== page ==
The reason that it didn't work, is that you didn't follow the directions from eyepopslikeamosquito!

      There is a difference between: ( paren , [ square bracket and { curly brace!

      By using "(" you would get an array of arrays. When you add the extra [, you are adding an additional dimension to the structure and getting arrays of arrays of arrays. So you have to throw in an additional de-referencing operator.

      #!/usr/bin/perl use strict; use warnings; my @compass = ( ["NW", "N", "NE"], ["W", "center", "E"], ["SW", "S", "SE"] ); my @compassB = ( [ ["NW", "N", "NE"], ["W", "center", "E"], ["SW", "S", "SE"] ], [ ["A", "B", "C"], ["D", "E", "F"] ] ); print $compass[0]->[1]; #prints N print $compassB[0]->[0]->[1]; #prints N print $compassB[1]->[0]->[1]; #prints B my $ref=\@compassB; #added example with reference print $ref->[0]->[0]->[1]; #prints N my $firstAoA = $compassB[0]; print $firstAoA->[0][1]; #prints N
      In a multi-dimensional structure everything is a reference until you get to the last thing which is the actual data.

        thanks Marshall! the code explains the questions i had about the difference between ( and [

        sorry, i just hadn't read eyepopslikeamosquito very helpful reply before posting again...was still trying different things.

Re: simple array question
by toolic (Chancellor) on Jan 03, 2011 at 04:14 UTC
      Thanks all for very helpful and speedy replies.
Re: simple array question
by eff_i_g (Curate) on Jan 03, 2011 at 04:56 UTC
Re: simple array question
by GrandFather (Cardinal) on Jan 03, 2011 at 06:09 UTC

    By now you have the help you were looking for, but it may help a little to understand why Perl works like that. Larry Wall designed parts of Perl with the idea that different things should look different. That is a reason why Perl uses $, @ and % in front of variables and things. Things that have $ in front act like scalar values (numbers, strings and stuff like that). Things that have @ in front act like arrays or lists of things (don't get hung up about the difference at this point though). Things that have % in front act like hashes (those are really important to understand in Perl, but cause a lot of initial grief for beginners).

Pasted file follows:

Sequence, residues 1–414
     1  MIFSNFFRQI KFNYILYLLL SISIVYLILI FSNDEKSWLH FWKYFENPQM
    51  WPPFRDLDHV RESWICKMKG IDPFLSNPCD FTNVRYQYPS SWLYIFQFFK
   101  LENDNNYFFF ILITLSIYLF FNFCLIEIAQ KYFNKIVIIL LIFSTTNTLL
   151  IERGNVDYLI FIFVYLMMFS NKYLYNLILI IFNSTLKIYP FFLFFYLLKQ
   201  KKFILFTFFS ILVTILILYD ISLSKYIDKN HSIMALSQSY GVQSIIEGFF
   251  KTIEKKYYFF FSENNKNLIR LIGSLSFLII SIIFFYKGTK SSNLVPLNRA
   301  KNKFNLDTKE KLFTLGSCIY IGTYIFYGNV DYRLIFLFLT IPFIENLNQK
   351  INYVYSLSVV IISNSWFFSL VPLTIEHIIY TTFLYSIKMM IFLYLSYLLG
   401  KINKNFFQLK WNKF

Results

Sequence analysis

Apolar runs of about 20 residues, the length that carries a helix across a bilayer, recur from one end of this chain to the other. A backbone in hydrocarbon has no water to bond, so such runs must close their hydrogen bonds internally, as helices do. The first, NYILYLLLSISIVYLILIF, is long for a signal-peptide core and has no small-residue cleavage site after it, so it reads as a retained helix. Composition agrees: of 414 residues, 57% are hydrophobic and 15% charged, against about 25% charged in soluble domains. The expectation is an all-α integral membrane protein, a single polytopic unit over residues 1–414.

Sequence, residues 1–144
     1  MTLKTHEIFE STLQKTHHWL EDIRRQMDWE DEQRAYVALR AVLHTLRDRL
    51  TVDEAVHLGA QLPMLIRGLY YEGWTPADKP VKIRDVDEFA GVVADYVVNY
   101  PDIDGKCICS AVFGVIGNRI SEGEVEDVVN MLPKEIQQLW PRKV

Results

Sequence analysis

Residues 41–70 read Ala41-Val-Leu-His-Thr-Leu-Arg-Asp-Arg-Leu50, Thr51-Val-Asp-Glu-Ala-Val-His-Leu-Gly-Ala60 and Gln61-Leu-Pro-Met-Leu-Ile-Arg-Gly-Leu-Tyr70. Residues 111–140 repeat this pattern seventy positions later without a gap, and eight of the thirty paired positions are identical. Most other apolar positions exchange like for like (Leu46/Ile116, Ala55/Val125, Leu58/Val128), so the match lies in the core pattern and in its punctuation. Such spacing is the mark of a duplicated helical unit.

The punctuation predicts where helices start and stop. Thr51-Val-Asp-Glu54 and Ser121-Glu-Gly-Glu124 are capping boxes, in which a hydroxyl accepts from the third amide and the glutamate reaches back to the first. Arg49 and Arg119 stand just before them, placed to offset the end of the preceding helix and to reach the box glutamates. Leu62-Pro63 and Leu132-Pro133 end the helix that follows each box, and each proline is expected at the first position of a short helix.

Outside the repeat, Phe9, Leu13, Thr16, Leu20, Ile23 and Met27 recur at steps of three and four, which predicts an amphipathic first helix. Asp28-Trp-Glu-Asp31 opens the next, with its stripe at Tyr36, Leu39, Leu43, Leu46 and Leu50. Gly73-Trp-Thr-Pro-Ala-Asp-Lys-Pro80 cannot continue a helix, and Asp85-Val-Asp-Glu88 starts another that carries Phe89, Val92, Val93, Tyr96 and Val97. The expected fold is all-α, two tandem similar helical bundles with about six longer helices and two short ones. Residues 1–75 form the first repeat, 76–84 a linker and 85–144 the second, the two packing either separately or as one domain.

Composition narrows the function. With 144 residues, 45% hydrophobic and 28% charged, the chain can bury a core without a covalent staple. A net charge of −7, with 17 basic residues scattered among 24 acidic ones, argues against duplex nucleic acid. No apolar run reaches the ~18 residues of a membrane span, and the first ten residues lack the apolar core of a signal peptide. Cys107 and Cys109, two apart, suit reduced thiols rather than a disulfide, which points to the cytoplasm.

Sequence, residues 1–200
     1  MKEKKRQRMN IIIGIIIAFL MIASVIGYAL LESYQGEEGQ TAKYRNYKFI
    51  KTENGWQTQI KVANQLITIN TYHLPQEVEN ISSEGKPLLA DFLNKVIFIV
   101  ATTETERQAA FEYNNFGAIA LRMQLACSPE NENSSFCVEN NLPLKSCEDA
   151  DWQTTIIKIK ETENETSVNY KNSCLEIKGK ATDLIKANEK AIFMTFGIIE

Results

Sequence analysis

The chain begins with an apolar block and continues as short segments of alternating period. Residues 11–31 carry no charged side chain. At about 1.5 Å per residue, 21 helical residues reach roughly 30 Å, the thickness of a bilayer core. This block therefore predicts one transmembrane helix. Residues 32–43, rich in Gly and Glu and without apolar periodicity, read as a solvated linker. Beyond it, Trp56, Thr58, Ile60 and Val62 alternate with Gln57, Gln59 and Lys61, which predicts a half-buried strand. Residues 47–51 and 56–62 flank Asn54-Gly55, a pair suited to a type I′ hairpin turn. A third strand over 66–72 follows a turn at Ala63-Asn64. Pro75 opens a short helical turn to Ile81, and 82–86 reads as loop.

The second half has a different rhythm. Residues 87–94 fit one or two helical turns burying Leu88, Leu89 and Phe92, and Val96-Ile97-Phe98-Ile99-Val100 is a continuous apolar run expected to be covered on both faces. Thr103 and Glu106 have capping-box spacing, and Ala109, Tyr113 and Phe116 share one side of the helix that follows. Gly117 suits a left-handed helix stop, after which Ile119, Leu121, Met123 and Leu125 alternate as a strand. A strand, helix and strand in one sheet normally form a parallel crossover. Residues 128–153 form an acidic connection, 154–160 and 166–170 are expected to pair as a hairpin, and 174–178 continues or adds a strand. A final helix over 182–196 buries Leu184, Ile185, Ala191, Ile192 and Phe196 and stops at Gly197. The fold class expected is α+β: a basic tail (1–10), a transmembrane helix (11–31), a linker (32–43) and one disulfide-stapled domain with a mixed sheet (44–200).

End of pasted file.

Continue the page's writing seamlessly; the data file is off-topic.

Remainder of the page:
Arrays and hashes are both indexed variables - they hold lots of stuff and you need an index to select the particular element you are interested in. Arrays are indexed using numbers starting from 0 using syntax that looks like: $array[$index]. The $ out the front tells you that you are getting a scalar value. The [$index] bit selects the element 'indexed' by the numeric value in $index.

    Hashes are indexed by strings. Accessing an element of a hash looks like: $hash{$index}. Still the $ out front to tell use we are getting a scalar value, but now we use curly brackets instead of square brackets and now $index contains any string we care to use.

    Of course there is a whole lot more to it than that which you will learn along the way. Just remember that in general Perl tries to make things that are different look different.

    True laziness is hard work
Re: simple array question
by Anonymous Monk on Jan 03, 2011 at 15:07 UTC
    The author of the book is obviously demonstrating how to use an array, since he defines @compass with a beginning "@". Arrays are declared with round brackets, so replace the curled brackets with round brackets, and the program will be functional.